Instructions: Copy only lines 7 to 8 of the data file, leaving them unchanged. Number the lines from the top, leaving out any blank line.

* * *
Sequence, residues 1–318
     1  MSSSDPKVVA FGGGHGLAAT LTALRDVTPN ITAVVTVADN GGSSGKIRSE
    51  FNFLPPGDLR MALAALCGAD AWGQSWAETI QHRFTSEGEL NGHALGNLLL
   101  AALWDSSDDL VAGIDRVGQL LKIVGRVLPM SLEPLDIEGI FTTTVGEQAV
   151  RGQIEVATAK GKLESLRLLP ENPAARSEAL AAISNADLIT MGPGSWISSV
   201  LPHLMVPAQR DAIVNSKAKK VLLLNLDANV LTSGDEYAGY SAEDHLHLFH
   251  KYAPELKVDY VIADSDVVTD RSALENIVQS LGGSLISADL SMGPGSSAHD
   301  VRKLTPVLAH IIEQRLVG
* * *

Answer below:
   251  KYAPELKVDY VIADSDVVTD RSALENIVQS LGGSLISADL SMGPGSSAHD
   301  VRKLTPVLAH IIEQRLVG